impossible preconditions to peace that he pronounced in that speech, not only render his verbal acceptance of the two-state solution empty, but also reflect the extent of this government's defiance of the international consensus and the efforts of the United States, the EU, and the Quartet.
The continuation of these attitudes and practices, will not only guarantee the failure of the ongoing peace efforts, but also the fading of the two-state solution. There should be no mistake that the siege on Gaza,
the incessant and accelerated settlement activities in the West Bank and Jerusalem, the apartheid wall, land confiscations, among other violations, are all part of a comprehensive program that aims at imposing a permanent unilateral solution on the ground.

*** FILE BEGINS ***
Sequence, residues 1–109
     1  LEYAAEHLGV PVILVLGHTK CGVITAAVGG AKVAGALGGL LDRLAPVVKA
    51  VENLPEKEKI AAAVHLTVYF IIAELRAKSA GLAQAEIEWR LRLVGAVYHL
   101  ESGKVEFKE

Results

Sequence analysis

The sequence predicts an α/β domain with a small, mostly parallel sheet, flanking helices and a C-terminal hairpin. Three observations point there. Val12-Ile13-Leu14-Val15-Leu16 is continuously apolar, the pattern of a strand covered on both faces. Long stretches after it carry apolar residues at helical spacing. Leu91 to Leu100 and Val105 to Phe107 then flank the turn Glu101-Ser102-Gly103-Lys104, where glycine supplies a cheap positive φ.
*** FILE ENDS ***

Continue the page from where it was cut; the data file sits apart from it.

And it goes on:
To many, the peace process has become merely a cover used by Israel to buy more time to complete its settlement agendas in the Palestinian territories. As a result, faith in the peace process is understandably at low ebb.
I am afraid that the obstacles and challenges that repeatedly derailed the process in the past are recurring today in a more complex manner. We have all witnessed the grave consequences of failed negotiations, and we
have all seen the confrontations that erupted more than once and put the entire region on the edge as a result. If these challenges are allowed to take hold of the process, then it is bound to meet the fate of its predecessors, and portends the return of the painful scenes of the past.
This approach must be guided by a clear vision that fully realizes the purpose and goal of this process. This approach must also be based on clear terms of reference and a binding timetable. Otherwise, this vicious cycle will exhaust our efforts, and we will continue to trot without direction and without purpose.